Mindfulness video game changes areas of the brain associated with attention
With an estimated 97 percent of adolescents playing video games in their free time, there is growing potential to design games as tools for attention-building instead of attention-busting.
A research team at the Center for Healthy Minds at the University of Wisconsin–Madison and the University of California, Irvine, designed a video game to improve mindfulness in middle schoolers and found that when young people played the game, they showed changes in areas of their brains that underlie attention.
"Most educational video games are focused on presenting declarative information: various facts about a particular subject, like biology or chemistry," says Elena Patsenko, a research scientist at the Center for Healthy Minds and lead author on the recently published paper. "Our aim is different. We want to actually change the cognitive or emotional processes—how people think or process information they're trying to learn."
The game, called "Tenacity," was designed for middle schoolers and requires players to count their breaths by tapping a touch screen to advance. It leads players through relaxing landscapes such as ancient Greek ruins and outer space.
Players tap once per breath while counting breaths for the first four breaths and then tap twice every fifth breath. Players earn more points and advance in the game by counting sequences of five breaths accurately.
This trains mindfulness, which is a state of awareness of the present moment, by encouraging players to focus on their breaths.
In the study, 95 middle school-aged youth were randomly assigned to one of two groups, either the Tenacity gameplay group or a control group that played the game "Fruit Ninja," another attention-demanding game that does not teach breath counting or aspects of mindfulness. Kids in each group were instructed to play their assigned game for 30 minutes per day for two weeks while researchers conducted brain scans with participants before and after the two-week period.
Researchers found that adolescents in the Tenacity group had changes in the connectivity between their left dorsolateral prefrontal cortex and the left inferior parietal cortex in the brain, which are two areas critical for attention.
These changes in the brain were associated with improvements on an attention task in the lab and were found only in the group playing Tenacity. Kids who played Fruit Ninja showed none of these changes.
"Training attention has been criticized in the scientific community because we often use a particular task to train attention and see improvement in that task alone, which doesn't translate into other tasks or day-to-day activities," says Patsenko. "Here, we trained young people with Tenacity (a breath-counting game) and tested them with another unrelated attention task in the lab. We found that brain changes following two weeks of gameplay were associated with improvement in the performance on that unrelated attentional task."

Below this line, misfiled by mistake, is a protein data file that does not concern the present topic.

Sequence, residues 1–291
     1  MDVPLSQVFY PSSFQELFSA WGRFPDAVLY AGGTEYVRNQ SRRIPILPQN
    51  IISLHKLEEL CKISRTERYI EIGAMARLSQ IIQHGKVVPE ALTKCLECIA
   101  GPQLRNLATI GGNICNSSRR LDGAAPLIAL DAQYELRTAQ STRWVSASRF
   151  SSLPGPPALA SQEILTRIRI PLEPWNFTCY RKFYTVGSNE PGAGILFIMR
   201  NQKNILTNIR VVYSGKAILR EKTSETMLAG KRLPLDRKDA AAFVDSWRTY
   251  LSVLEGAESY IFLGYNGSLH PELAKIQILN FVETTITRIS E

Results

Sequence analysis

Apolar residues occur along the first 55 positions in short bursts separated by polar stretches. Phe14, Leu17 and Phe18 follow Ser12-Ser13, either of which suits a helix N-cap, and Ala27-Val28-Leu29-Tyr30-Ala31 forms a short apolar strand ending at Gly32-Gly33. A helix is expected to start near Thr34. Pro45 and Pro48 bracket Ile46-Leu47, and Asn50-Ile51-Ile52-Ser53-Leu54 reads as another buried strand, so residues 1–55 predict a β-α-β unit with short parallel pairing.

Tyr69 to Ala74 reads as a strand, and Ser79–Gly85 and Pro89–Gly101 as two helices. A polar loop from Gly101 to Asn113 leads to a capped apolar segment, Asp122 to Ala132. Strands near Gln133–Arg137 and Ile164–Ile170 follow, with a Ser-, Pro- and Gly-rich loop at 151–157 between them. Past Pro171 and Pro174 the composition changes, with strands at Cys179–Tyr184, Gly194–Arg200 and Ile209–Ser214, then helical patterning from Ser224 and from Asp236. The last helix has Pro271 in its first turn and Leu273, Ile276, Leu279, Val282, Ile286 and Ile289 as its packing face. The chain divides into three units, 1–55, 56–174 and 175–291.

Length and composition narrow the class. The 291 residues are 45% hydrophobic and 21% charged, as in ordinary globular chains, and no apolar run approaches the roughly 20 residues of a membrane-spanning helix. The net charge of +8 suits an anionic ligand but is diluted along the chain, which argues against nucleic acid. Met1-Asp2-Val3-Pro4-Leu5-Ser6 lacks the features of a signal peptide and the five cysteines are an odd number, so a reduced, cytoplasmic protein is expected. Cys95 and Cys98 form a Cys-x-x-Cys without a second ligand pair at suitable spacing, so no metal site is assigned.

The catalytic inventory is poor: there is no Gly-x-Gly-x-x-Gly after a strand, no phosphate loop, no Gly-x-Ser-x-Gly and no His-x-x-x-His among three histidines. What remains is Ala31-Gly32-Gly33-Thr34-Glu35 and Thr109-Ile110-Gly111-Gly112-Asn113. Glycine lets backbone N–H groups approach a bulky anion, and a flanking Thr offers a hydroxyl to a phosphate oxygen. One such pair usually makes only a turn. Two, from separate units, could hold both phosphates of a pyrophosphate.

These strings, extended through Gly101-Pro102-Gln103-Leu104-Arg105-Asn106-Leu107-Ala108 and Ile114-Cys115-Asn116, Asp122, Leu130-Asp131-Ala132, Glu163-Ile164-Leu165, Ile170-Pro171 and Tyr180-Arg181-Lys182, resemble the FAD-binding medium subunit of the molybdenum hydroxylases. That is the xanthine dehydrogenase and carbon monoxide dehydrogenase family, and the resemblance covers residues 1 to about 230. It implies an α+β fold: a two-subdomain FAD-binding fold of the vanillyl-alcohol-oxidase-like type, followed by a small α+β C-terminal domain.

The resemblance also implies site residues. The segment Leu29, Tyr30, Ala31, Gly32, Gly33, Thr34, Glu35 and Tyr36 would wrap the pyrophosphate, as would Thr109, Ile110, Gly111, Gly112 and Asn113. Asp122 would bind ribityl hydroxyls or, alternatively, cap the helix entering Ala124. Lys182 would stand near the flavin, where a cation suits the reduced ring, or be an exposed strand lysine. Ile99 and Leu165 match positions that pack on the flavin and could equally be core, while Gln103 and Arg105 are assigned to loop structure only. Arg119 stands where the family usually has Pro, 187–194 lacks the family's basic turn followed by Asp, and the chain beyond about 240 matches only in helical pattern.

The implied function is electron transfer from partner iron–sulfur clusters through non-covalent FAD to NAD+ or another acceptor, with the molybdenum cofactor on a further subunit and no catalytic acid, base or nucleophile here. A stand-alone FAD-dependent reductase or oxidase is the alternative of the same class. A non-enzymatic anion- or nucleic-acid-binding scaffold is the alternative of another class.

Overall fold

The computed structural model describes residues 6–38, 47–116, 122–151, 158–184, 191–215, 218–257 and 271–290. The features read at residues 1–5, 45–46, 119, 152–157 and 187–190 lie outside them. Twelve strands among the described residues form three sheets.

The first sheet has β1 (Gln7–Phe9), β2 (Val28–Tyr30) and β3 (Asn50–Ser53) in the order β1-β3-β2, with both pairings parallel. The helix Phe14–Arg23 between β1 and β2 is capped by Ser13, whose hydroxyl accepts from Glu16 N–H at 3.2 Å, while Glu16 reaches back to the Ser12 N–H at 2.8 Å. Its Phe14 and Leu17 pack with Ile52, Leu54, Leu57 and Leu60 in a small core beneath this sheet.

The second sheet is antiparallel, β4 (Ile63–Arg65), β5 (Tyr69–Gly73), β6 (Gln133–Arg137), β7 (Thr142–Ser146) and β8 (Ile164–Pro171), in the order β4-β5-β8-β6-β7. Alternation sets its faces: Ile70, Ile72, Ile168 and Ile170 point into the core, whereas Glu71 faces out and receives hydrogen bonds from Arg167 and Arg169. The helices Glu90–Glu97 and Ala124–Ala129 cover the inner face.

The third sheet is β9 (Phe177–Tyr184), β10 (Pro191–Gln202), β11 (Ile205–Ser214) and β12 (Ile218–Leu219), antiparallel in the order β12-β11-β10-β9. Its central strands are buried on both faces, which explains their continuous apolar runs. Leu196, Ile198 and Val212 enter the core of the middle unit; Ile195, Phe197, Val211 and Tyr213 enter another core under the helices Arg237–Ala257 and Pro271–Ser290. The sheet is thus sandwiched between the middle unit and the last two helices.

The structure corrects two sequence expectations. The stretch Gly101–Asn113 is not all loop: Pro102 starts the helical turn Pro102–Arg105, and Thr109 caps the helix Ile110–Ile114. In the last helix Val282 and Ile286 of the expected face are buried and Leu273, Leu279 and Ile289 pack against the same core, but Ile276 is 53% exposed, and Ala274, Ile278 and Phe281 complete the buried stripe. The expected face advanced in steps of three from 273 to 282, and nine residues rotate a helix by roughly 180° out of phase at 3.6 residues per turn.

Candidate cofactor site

The public is increasingly interested in meditation and mindfulness training. There are several smart phone apps on the market that are predominantly geared toward adult populations, including programs developed by the Center for Healthy Minds. However, video games can be a tool to engage younger people in mindfulness training.
The capacity to voluntarily control attention and minimize distraction has been linked to people's emotional health and is foundational to learning.
"This study illustrates that changes in objective measures of brain function and behavior are achievable with relatively short amounts of practice on a novel video game," says Richard Davidson, co-author on the paper and the William James and Vilas Professor of Psychology and Psychiatry. "Video games may be a powerful medium for training attention and other positive qualities in teenagers, and even small amounts of practice induce neuroplastic changes."
The project reflects a larger trend toward developing games for the greater good, says Constance Steinkuehler, a professor of informatics at UCI, who led creation of the game while at UW–Madison.
"Games for impact have entered the mainstream, affecting both consumers and the industry," she says. "Good designs and solid research move not only players but also future designers as well. This work lays a great foundation for wellness interventions for kids."
The game, originally developed for research, is not supported for public use at this time.